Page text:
The sudo command in Linux allows you to run commands as another user (it is most commonly used to run a command with elevated privileges as root). In some cases, when you try to run a command with sudo, an error message is displayed:
-bash: sudo: command not found
The most common reason is that the sudo command is not installed in your Linux distro. You can use the built-in su command to run a command as root in Linux. For example:
$ su -c 'du /'
You can also open an interactive bash shell as root:
$ su -
If the sudo command is unavailable in your Linux distro, you can install it using the built-in package manager.
Switch to privileged root session:
$ su -
Install sudo on RHEL, Fedora, CentOS, Oracle/Rocky Linux:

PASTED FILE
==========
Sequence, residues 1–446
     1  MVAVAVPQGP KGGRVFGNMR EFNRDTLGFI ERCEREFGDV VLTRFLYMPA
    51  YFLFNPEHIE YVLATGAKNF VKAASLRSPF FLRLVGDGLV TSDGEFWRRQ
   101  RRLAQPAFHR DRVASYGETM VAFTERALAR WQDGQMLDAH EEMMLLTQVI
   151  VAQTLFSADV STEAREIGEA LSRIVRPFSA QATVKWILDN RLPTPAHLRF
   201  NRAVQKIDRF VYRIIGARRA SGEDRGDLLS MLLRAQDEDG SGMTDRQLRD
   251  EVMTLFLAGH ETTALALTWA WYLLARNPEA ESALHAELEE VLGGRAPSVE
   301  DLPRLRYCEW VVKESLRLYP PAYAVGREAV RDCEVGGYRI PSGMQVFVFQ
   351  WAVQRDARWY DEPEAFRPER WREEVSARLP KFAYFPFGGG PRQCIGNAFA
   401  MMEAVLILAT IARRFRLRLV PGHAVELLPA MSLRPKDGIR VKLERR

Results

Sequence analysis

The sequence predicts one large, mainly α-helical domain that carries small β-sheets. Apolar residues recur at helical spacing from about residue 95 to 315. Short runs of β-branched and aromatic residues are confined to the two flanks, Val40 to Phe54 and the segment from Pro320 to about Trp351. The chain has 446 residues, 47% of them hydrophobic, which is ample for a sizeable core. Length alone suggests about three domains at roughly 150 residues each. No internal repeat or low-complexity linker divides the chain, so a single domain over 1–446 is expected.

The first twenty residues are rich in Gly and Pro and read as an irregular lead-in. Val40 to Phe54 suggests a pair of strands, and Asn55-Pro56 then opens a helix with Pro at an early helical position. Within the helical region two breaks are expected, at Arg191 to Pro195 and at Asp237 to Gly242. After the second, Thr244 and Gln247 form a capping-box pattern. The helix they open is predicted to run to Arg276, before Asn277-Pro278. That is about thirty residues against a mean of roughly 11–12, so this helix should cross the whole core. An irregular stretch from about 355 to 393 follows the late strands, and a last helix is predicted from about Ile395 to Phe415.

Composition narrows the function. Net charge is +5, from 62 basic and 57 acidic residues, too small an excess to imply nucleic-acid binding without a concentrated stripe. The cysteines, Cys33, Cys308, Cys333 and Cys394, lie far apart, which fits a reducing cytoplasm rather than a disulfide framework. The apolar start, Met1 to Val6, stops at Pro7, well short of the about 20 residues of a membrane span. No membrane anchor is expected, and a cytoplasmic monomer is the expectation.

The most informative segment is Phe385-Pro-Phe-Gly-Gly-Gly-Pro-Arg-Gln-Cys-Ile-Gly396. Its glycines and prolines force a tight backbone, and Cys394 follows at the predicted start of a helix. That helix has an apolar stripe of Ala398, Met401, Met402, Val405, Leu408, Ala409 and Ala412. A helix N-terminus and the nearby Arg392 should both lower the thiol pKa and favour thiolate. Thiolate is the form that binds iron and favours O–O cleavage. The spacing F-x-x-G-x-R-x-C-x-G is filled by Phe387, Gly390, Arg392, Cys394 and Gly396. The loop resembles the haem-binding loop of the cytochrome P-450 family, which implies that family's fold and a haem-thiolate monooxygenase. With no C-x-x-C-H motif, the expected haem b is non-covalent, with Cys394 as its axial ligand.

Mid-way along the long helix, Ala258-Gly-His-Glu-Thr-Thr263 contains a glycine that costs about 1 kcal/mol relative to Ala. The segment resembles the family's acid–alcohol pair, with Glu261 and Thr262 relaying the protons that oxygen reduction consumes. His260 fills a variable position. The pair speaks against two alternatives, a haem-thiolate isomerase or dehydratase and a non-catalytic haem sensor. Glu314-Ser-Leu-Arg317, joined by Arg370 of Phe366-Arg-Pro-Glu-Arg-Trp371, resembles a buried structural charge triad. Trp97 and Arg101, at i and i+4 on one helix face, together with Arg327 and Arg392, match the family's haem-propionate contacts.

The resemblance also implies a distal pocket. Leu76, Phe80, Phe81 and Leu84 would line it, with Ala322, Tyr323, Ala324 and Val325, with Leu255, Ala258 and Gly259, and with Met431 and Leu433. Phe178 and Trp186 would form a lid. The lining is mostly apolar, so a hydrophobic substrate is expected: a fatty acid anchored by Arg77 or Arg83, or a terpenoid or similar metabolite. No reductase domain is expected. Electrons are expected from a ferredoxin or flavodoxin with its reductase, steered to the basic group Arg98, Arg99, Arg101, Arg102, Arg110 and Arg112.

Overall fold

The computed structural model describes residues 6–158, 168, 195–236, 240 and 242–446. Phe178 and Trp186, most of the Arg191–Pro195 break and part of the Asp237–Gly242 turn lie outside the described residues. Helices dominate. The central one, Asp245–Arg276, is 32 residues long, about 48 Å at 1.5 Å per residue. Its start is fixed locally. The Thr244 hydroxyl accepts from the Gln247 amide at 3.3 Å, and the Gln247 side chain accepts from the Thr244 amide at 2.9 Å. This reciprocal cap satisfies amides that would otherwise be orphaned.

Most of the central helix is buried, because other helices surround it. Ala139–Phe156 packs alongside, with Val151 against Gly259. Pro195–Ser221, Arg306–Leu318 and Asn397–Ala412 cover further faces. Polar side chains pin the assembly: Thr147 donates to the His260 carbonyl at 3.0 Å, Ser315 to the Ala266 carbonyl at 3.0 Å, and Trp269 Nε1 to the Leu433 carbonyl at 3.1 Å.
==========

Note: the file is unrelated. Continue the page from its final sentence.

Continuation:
$ dnf install sudo
On RHEL, Fedora, CentOS, Oracle/Rocky Linux:
$ apt install sudo
Then add the user to the sudo group:
$ usermod -aG sudo sysops1
This user can now run commands via sudo.
To check that a user has been added to the sudo group, run the following command
$ id sysops1
Check that you are allowed to run any command in the /etc/sudoers file:
%sudo ALL=(ALL:ALL) ALL
Check the contents of the PATH environment variable if bash still cannot find the sudo command.:
$ echo $PATH
Make sure it contains at least the following paths:
Add the paths manually if not.
$ export PATH=$PATH:/usr/bin